Washington, DC - Mall
After 217 years as the nation’s capital, Washington is a place brimming with a unique history of its own. It has developed as a complex and layered city with multiple personalities. As home to the federal government, it has attracted a diverse mix of government workers, members of Congress from every state, foreign emissaries, lobbyists, petitioners and protestors. While elected and appointed officials come and go giving the city its reputation as a transient community, many of the city’s residents have called Washington home for multiple generations. Their stories give Washington its distinctive character as both a national and local city.
The greater Washington area hosts 174 foreign embassies as well as headquarters of the World Bank, the International Monetary Fund (IMF), and many other institutions, universities, lobbying groups, and professional societies. Washington, D.C., had a resident population of 601,723 in 2010. Commuters from the surrounding Maryland and Virginia suburbs raise the city's population to over one million during the workweek. The Washington Metropolitan Area, of which the District is a part, has a population of nearly 5.6 million, the seventh-largest metropolitan area in the country.
DC welcomes approximately 15 million visitors each year, generating an estimated $5.24 billion in visitor spending for the city alone. Approximately 1.2 international visitors come to DC annually. Top countries of origin include: United Kingdom, Germany, Latin America (Brazil, Argentina, and Mexico), Japan, India, South Korea, Nordic (Denmark, Finland, Norway, Sweden), Australia, Italy and France.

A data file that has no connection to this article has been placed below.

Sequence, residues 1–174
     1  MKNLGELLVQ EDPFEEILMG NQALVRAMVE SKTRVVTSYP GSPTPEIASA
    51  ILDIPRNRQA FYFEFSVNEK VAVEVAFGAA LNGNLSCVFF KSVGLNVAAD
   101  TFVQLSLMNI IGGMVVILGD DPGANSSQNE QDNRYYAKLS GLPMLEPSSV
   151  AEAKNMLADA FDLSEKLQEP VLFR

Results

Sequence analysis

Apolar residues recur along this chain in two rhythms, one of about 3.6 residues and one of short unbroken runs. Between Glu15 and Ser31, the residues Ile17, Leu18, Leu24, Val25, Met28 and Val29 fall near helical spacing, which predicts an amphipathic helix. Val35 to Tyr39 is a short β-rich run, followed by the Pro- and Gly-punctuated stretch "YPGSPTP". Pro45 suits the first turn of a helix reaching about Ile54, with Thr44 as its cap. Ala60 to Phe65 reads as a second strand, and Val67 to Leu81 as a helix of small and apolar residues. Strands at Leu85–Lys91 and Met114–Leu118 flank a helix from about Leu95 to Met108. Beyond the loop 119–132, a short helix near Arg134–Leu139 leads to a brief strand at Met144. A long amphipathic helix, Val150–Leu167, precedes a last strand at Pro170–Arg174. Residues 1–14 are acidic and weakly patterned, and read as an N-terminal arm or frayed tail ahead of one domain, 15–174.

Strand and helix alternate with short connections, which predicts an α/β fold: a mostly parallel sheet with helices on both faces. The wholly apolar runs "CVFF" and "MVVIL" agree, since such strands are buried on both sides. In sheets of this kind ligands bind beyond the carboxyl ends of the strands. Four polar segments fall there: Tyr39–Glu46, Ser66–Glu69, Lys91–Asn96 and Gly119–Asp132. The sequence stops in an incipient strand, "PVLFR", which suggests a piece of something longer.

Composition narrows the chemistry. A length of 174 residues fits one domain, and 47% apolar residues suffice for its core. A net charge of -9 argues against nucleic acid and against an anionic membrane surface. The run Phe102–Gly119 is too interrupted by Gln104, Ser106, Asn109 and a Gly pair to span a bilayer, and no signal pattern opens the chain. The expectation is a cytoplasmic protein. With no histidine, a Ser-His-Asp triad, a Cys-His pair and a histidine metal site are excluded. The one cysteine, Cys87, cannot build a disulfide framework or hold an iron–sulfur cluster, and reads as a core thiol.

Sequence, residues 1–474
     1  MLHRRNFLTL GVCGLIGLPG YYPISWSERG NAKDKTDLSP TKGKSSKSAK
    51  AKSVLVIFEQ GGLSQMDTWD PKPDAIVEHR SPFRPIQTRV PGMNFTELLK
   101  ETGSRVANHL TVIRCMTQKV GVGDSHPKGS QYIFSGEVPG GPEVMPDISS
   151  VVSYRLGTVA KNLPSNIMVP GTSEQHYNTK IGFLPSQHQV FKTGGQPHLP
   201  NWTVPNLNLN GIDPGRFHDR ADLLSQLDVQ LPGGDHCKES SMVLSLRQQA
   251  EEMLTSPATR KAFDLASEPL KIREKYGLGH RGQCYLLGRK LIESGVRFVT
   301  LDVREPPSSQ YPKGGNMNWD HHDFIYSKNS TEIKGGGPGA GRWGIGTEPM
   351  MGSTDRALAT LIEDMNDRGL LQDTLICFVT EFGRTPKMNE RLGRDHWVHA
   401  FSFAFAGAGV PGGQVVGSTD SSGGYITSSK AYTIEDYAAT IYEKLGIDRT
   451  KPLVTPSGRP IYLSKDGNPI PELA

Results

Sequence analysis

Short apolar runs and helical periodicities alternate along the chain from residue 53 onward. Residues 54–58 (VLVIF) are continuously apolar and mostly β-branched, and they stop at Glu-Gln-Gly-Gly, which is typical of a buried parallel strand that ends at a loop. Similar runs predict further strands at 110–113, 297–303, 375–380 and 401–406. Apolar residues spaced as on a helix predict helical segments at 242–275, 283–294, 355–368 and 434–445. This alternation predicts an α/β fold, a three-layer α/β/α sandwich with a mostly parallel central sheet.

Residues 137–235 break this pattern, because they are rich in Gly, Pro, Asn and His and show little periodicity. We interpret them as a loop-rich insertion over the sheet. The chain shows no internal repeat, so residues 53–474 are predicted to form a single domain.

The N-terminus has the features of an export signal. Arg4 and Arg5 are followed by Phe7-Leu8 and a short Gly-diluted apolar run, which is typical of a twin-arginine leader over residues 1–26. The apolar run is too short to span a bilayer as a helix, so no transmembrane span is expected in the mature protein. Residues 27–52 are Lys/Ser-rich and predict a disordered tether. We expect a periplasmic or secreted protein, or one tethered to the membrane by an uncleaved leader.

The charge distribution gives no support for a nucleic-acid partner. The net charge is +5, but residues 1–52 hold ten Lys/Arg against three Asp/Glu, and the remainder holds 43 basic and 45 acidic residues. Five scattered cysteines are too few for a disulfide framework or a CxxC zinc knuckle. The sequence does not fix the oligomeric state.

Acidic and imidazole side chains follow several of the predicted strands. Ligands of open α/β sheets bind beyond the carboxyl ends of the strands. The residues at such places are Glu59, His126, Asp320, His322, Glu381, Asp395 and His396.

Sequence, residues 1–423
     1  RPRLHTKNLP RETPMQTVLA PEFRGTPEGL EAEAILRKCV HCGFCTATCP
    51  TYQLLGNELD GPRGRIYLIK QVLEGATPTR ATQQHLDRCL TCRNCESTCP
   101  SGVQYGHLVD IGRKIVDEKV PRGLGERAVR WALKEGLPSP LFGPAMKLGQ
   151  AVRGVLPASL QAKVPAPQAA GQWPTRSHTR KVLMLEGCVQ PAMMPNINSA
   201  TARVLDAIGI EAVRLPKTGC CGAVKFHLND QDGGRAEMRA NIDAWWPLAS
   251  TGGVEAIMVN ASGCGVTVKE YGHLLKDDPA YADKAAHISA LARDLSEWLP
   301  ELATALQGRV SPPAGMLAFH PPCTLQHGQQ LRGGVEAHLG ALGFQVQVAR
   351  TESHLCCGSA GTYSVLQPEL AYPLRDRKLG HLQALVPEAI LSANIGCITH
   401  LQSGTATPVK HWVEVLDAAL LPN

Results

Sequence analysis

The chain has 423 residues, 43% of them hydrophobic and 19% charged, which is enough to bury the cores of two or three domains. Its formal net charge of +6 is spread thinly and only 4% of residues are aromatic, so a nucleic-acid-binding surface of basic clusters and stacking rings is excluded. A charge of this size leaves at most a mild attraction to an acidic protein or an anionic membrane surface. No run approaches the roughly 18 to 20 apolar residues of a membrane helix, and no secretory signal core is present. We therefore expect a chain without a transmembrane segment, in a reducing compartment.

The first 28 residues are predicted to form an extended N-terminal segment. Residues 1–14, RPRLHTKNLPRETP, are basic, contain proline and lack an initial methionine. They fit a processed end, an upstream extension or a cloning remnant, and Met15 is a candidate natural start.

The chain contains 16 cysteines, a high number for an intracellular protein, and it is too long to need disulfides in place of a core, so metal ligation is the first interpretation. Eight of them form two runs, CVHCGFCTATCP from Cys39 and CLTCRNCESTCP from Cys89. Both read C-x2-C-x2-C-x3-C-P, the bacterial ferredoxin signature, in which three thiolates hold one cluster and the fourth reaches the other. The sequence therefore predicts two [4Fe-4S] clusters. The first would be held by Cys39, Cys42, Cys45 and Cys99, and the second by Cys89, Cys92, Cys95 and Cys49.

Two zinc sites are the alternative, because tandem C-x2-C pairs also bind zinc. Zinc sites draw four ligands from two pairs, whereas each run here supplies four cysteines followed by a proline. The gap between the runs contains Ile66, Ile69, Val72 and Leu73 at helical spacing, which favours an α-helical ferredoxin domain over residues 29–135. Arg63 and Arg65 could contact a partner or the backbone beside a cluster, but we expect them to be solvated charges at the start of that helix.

Main Attractions include:
- Smithsonian’s: National Museum of Natural History (7 million visitors)
- National Air & Space Museum (6 million visitors)
- National Museum of American History (3 million visitors)
- National Zoological Park (3 million visitors
- Lincoln Memorial (4 million visitors)
- World War II Memorial (4 million visitors)
- Vietnam Veterans Memorial (4 million visitors)
- Korean Memorial (3 million visitors)
- FDR Memorial (3 million visitors)
- Rock Creek Park (2 million visitors)
DC is also home to 4 major sporting event venues and 8 major professional teams including the Redskins, Wizards, Mystics, Nationals, United and Capitals
There are more than 40 performing arts/theatre venues.
- 70 percent of land in Washington, DC is controlled by the National Park Service. There are 250,000 acres of parkland in the Greater Washington Metropolitan area.
- In 2007, DC was named the most walkable city in the US in a study by the Brookings Institute.
- In late 2006, City Council passed an initiative making the nation’s capital the first major city to require developers to adhere to guidelines established by the U.S. Green Building Council.
- The Washington Nationals Ballpark is striving to be the country’s first green-certified ballpark
- DC’s hotels have implemented green initiatives, including wind power, renewable energy credits, recycling and adopt-a-park programs with neighborhood green spaces.